Men’s fashion is an ever changing thing. Actually that’s not true. Its very rare that you see something new in menswear, it is a very cyclical thing, for example skinny fit jeans were a thing in the 80’s and unfortunately have been back in style for the last few years. Another example is double breasted jackets, they come and they go and then suddenly a few years later they’re back.
One of the few unchanging things throughout the last hundred years has been black tie. Since it became popular in the 1920’s as a slightly less formal alternative to white tie, very little has changed except fastening (double or single breasted), lapel size, and material the only real change we saw was from waistcoats to cummerbunds, and this is one of those things that goes round and round and round, one year waistcoats are in fashion for black tie, and the next its cummerbunds.
Now as a gentleman with a fairly substantial gut I have been put off wearing a cummerbund as it seems like tying something around my waist would only extenuate this fact, but two weeks ago I gave in, faced my fear and bought my first cummerbund. Admittedly I only got it because I wanted the bow tie that it came with, it was a vintage (that is to say secondhand so therefore cheap) maroon velvet number from the 1970’s that came with a matching bow tie.
It did however make me think, what the hell is point of a cummerbund, they don’t offer any practicality like a waistcoat, but then neither do most of the fundamentals of black tie and men’s formal wear in general, in fact they’re designed to mask practicality. For example buttons on jackets and waistcoats will have a satin facing, shirt buttons are replaced by cuff links and shirt studs, and even trouser lining is covered with a satin stripe. So in that vain a cummerbund is designed to conceal the point where your trousers meet your shirt.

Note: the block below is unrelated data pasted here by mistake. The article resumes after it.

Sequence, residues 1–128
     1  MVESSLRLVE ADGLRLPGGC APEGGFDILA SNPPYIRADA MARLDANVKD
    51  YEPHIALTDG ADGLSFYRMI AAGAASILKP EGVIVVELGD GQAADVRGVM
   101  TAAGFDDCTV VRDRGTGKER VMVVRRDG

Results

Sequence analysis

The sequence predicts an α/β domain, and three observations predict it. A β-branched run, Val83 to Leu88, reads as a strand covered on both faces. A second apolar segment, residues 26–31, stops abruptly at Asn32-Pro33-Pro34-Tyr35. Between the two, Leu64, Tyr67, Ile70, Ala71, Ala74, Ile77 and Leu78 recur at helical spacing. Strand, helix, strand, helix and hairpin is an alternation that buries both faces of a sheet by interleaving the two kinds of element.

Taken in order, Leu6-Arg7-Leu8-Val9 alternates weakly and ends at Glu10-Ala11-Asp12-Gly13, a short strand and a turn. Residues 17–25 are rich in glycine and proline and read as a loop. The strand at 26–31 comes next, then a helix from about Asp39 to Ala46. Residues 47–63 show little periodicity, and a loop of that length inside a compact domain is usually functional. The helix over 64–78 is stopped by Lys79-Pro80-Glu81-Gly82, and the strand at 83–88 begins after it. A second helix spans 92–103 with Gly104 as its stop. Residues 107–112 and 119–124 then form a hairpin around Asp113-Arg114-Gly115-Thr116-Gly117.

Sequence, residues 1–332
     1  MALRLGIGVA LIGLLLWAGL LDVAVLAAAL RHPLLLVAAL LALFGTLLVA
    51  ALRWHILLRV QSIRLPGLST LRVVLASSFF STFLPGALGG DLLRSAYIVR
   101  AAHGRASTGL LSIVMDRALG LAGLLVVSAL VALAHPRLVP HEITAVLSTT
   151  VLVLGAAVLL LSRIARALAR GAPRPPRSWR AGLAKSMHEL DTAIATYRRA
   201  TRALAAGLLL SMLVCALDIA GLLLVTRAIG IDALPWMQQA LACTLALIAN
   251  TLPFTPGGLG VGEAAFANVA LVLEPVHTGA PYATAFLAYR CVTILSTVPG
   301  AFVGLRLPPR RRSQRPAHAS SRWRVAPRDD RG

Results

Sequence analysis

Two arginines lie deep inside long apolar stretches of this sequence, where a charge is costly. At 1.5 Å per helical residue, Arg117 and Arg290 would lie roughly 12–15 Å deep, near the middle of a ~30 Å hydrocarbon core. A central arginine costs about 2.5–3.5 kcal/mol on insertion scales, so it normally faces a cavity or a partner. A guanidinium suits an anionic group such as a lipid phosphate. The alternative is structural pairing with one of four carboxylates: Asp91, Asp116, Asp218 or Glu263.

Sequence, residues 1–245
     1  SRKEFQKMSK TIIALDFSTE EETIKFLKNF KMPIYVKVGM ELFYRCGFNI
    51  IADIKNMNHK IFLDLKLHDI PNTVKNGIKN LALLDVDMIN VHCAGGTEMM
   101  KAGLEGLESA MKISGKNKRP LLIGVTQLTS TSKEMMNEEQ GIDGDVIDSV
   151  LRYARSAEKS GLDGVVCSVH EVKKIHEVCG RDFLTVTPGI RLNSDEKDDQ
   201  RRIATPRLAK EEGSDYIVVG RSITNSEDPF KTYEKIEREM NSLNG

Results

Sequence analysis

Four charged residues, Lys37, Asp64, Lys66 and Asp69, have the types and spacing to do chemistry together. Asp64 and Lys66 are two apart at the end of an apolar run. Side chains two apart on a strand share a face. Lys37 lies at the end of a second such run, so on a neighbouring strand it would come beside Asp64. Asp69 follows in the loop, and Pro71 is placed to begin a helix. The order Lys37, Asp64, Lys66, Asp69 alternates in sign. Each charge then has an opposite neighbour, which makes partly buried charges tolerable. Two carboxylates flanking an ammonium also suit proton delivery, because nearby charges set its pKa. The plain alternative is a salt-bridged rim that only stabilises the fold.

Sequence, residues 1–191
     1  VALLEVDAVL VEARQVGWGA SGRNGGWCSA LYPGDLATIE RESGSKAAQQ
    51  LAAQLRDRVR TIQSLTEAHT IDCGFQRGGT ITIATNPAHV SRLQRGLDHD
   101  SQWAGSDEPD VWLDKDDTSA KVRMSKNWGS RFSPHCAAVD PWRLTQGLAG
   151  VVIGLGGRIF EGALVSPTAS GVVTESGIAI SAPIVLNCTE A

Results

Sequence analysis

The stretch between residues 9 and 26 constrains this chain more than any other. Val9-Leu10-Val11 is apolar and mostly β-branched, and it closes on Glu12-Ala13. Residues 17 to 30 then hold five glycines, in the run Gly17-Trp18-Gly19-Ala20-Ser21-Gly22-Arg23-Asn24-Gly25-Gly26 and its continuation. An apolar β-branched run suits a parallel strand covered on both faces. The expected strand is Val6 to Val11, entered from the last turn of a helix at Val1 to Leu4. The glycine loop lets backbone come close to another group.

This is where cummerbunds differ from a lot of black tie, because it actually serves a purpose, the garment dates back to the British occupation of India, where the officers needed a cooler (temperature wise, not fashion wise) alternative to the waistcoat. Due to the massive temperature difference from the UK you could see why waistcoats wouldn’t work out too well, and the higher ranking Indian officials used to wear sashes at their waists so the British officers adopted them, and so by the end of the British Occupation of India in the 1950’s the trend has spread around the world.
As well as being a cooler alternative to the formal vest the cummerbund serves to hide the bunching that often occurs where you tuck your shirt in at the waist. And thanks to its pleated design acts as a crumb catcher when eating, thus avoiding any crumbs winding up on your trouser leg, and this is why the correct way to wear a cummerbund is with the pleats facing upward.
Possibly the most important feature, at least from my point of view, is that it makes men look a lot thinner, aesthetically it makes men look thinner and taller, but from my own experience I had it cinched so tight it was like some sort of velvet man girdle.
Now I don’t see them making a comeback for at least a few years, as waistcoats are most definitely “in” at the moment, but I have a few formal things coming over the summer months (a couple of weddings and most likely a few civic things as well) so I think I will be going with a cummerbund, at least until the summer is over.